Given these and other questions hanging over the allegation of chemical weapons, why were the US and its allies in such a hurry to strike Syria? Before we attempt to answer that question, we must understand that the US and Israel have for decades regarded Syria, together with Iran and the Hezbollah, as the unyielding obstacle to their persistent drive to dominate and control the region. To put it in another language, Syria, Iran and Hezbollah constitute the triumvirate of resistance to the US-Israel Agenda of Hegemony over West Asia and North Africa (WANA). Israel seeks to curtail and if possible crush each of the three. Since our concern is with Syria we shall examine why the leadership of that country is in Israel's radar.

For Israel, control over Syria's Golan Heights is vital for its security. Israel's notion of security is defined by its ability to control and dominate its neighbours such as Syria and Lebanon. The Golan Heights which Israel captured in the 1967 War was formally annexed on Dec 14, 1981. It is important to note that it supplies water to Israel and contains oil, gas and minerals.

With annexation, Israel asserted its perpetual sovereignty over Golan which to this day international law recognises as part of Syria. To translate its illegal annexation into political reality, Israel has for a number of years sought to oust the independent-minded government in Damascus and replace it with a puppet regime. It saw the uprising that broke out in March 2011 in a small township in Syria as an opportunity and backed the rebels. Very soon, the rebels were joined by militants, many of whom were linked to various terrorist outfits. These terrorist outfits such as Al-Qaeda were financed by countries in the region and trained and equipped by groups in WANA and from Europe and the US. It is not widely known for instance that Israel itself has provided arms to seven different terror groups in Syria.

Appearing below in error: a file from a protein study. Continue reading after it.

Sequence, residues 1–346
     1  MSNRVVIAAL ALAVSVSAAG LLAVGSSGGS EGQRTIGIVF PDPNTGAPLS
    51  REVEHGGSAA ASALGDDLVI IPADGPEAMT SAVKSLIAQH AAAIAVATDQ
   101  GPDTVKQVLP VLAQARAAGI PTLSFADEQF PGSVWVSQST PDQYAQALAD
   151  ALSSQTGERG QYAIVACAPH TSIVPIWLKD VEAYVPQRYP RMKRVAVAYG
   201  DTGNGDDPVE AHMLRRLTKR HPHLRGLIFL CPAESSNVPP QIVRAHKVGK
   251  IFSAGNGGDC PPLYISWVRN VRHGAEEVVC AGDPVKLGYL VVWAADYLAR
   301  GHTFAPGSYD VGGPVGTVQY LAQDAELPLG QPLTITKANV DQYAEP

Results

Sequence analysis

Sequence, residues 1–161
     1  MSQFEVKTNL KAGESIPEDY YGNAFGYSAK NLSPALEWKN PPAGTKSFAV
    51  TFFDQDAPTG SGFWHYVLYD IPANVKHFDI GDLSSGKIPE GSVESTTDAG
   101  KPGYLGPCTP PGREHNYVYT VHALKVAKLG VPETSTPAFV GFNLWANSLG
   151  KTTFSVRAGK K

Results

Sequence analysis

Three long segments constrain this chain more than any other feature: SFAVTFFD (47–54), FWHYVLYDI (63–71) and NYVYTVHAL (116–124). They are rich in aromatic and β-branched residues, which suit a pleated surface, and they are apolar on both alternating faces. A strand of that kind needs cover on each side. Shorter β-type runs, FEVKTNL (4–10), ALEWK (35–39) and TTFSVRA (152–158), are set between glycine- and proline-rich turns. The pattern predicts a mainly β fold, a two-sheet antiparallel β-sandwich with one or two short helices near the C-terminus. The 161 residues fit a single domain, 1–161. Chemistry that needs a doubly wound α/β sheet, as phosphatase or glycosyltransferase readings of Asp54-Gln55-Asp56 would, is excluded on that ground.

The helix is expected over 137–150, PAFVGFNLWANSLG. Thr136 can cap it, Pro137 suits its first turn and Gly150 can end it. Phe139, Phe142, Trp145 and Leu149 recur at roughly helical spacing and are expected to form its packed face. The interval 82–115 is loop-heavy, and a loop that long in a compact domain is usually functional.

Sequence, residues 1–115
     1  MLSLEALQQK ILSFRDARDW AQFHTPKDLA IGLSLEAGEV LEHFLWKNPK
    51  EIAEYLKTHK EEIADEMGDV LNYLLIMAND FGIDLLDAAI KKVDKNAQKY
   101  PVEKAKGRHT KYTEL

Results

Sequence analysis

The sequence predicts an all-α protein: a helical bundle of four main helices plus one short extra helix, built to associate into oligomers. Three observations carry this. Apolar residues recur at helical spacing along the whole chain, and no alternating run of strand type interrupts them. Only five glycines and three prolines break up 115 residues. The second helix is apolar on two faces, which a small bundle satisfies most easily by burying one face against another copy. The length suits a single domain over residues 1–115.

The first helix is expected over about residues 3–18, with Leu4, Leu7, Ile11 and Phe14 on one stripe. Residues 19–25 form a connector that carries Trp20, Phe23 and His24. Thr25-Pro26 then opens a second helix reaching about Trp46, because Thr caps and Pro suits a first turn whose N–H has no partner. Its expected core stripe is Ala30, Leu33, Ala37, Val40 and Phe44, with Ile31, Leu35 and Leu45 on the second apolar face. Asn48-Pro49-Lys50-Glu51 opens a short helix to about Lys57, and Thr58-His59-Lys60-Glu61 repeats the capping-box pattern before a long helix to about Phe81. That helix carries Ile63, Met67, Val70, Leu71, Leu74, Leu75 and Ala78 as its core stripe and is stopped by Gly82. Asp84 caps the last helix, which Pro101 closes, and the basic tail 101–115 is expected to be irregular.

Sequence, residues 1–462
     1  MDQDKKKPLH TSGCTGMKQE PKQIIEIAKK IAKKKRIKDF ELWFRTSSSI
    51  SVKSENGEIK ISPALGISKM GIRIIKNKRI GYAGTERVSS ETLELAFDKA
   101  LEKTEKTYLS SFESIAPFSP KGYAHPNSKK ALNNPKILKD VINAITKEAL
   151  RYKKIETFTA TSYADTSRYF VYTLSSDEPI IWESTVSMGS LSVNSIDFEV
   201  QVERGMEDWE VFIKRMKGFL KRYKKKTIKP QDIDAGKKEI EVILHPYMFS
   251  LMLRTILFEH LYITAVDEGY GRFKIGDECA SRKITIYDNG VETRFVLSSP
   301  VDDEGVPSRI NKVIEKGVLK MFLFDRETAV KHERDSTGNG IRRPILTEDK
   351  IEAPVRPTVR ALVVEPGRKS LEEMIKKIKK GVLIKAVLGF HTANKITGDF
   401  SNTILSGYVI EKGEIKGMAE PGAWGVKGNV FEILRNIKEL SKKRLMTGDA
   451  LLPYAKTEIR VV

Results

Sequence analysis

By the middle of 2015, Israel and other supporters of these groups within WANA such as Saudi Arabia, Qatar and Turkey and those outside the region such as the US, Britain and France, were confident that they would be able to oust Bashar Assad, based upon the vast swathes of land and resources that the anti-Assad forces had seized. Realising that its longstanding ally in WANA was in mortal danger, Russia decided to intervene militarily in September 2015. It fortified the Syrian Army, and with the assistance of Hezbollah and Iranian advisers and militias, Russia intensified the fight against terrorist groups in Syria. Within 20 months it was obvious that the tide had changed. The Bashar government, buttressed by Russia, had regained control of most of Syria by the last quarter of 2017. Douma was in a sense one of the last footholds of one of the terrorist groups. With defeat staring in the face of not only the terrorists but also Israel, some other regional players and of course the US and its allies, the latter decided hastily to strike against Syria on April 14.

Defeat in Syria is more than defeat in one Arab state. It portends a significant shift in the power balance in the entire region. Russia may well emerge as the pivot of this change with crucial roles for Iran and Syria and other players. It is a scenario that is totally unacceptable to the US and its allies like Britain and France. Incidentally, all three at various points in the present and the past have been imperialist powers in the region.

It is not a coincidence that in all these three countries, Israel and Zionism exercise inordinate influence. Israel has always viewed the US and to a lesser extent Britain and France as the protectors of a power structure in WANA that guarantees its own regional hegemony. It is because Israel and its protectors are now uncertain about their dominance that they have chosen to flex their muscles.

Dr Chandra Muzaffar is the president of the International Movement for a Just World (JUST). Comments: